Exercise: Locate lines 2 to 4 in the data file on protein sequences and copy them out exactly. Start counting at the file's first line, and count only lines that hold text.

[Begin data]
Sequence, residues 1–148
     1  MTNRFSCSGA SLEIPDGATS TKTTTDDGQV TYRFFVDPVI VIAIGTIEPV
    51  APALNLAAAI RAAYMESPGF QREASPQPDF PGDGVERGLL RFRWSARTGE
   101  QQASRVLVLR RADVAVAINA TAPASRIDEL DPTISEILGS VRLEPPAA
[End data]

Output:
     1  MTNRFSCSGA SLEIPDGATS TKTTTDDGQV TYRFFVDPVI VIAIGTIEPV
    51  APALNLAAAI RAAYMESPGF QREASPQPDF PGDGVERGLL RFRWSARTGE
   101  QQASRVLVLR RADVAVAINA TAPASRIDEL DPTISEILGS VRLEPPAA